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A number of pages on the Government of Saskatchewan's website have been professionally translated in French. These translations are identified by a yellow box in the right or left rail that resembles the link below. The home page for French-language content on this site can be found at:

Renseignements en Français

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Federal Carbon Tax

The Government of Canada's Carbon Tax

The Government of Canada has imposed a federal carbon tax that will impact your power and natural gas bills starting April 1, 2019. The Government of Canada will apply the GST to the federal carbon tax. The Government of Saskatchewan will not charge PST on this new tax.

What you will notice on your SaskPower and SaskEnergy bills

Starting in April 2019, there will be a new section clearly identified as the Federal Carbon Tax. The tax will be calculated based on the amount of power and natural gas you use.

The federal carbon tax is applied to SaskPower's emissions from power-generating sources like coal and natural gas. As set by the federal government, the federal carbon charge on your power bill is retroactive to January 1, 2019.

Customers can expect to see the charge appear on their bills beginning April 1, 2019. Please check your bill for exact amounts. Customers will see a Federal Carbon Charge that reflects the cost to generate power from SaskPower's carbon-emitting sources.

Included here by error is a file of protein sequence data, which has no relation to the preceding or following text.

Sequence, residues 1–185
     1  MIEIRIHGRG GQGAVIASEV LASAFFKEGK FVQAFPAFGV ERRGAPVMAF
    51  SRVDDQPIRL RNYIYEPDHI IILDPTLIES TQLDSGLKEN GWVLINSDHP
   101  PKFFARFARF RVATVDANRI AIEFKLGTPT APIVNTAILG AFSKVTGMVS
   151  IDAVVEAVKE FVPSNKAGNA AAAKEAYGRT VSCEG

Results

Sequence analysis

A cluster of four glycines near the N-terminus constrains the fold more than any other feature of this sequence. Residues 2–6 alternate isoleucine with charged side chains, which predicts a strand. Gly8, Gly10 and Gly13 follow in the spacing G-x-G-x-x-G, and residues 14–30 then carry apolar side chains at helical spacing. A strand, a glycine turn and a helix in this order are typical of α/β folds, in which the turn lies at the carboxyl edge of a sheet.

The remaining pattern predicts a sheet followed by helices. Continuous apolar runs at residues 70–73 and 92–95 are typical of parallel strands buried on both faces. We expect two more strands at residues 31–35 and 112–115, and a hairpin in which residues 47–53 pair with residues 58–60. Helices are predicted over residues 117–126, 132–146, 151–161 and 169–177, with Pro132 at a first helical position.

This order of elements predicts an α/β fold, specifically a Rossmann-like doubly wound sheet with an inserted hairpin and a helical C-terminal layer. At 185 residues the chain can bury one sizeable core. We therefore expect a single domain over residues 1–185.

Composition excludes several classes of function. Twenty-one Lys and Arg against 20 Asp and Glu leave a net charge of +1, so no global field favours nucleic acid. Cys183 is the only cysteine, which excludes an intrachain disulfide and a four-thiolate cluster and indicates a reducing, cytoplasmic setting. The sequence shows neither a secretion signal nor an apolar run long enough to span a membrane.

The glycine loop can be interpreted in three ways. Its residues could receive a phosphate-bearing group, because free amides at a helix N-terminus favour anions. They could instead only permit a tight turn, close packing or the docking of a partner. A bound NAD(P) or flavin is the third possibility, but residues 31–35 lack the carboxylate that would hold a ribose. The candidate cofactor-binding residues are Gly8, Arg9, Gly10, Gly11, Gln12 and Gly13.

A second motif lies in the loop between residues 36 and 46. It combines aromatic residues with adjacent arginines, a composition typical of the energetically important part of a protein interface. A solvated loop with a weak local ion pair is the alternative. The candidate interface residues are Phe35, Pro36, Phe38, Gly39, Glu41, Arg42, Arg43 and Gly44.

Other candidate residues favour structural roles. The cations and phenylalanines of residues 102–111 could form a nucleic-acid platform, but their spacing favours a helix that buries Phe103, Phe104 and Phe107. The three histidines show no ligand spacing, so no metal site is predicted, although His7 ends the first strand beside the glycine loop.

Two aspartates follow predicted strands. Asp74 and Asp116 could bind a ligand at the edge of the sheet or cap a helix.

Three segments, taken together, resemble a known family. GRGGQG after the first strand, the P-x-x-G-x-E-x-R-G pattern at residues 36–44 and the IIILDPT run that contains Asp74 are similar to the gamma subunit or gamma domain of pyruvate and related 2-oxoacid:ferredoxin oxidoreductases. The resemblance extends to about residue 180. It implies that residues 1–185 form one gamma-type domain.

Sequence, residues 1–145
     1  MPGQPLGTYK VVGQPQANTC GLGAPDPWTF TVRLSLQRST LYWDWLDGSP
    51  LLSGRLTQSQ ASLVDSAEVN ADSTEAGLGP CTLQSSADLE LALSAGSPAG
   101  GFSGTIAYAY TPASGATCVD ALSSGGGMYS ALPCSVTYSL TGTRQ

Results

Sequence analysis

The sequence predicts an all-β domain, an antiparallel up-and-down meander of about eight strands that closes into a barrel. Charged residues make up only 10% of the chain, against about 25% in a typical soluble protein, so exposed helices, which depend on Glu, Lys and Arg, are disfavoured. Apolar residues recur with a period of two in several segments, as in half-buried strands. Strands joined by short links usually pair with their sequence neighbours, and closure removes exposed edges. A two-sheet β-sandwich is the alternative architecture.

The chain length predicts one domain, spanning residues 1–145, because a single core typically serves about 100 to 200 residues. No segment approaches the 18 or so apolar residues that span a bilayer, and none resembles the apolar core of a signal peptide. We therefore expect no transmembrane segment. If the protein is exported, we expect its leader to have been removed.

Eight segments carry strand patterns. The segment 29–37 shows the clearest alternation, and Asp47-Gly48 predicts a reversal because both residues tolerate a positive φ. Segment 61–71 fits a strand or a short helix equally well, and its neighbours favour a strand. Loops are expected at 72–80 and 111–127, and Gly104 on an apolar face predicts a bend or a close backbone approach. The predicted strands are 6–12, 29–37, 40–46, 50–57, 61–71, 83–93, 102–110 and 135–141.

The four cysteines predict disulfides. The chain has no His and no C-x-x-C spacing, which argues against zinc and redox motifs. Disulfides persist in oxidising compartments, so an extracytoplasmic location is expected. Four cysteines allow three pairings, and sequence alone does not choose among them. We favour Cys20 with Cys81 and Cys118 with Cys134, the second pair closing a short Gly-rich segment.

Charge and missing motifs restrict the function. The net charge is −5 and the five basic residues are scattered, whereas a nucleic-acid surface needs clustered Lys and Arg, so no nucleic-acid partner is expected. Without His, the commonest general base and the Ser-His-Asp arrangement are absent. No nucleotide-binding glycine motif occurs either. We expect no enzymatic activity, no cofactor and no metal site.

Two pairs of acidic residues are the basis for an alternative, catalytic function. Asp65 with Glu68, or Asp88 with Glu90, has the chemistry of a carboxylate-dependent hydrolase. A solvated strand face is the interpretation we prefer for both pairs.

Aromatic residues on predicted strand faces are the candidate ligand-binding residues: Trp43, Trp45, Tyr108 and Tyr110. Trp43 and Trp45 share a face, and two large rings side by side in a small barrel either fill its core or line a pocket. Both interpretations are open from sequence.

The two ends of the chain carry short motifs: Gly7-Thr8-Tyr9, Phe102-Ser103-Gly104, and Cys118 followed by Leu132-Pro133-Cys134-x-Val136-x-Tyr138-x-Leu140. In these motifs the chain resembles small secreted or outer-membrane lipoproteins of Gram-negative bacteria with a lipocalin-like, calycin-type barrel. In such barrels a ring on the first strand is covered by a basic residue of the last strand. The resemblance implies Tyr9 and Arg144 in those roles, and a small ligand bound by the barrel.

The federal carbon tax will be applied to all fossil fuels sold in Saskatchewan, including natural gas. While using natural gas does create emissions, it is a cleaner form of energy than other fuels, such as coal, oil or propane.

Residential natural gas customers can expect a charge of $0.0391/cubic metre for the first year. The amount collected is determined by the federal government and is part of a multi-year plan with incremental adjustments expected.


What is Saskatchewan doing?

Prairie Resilience Climate Change Strategy

Saskatchewan is already implementing its own strategy to address climate change, called Prairie Resilience, which offers unique and innovative Saskatchewan-based solutions. The strategy outlines multiple commitments across five areas designed to make Saskatchewan more resilient to the climatic, economic and policy impacts of climate change.

Government has released several components of the Prairie Resilience strategy since it was released in December 2017. These commitments include a framework to measure and improve the province's resilience, output-based performance standards to regulate industrial emissions intensity reduction, and oil and gas emissions management regulations and a complementary Methane Action Plan.

Together, these will reduce Saskatchewan's greenhouse gas emissions by 12 million tonnes by 2030.

The full strategy and its individual components are available at

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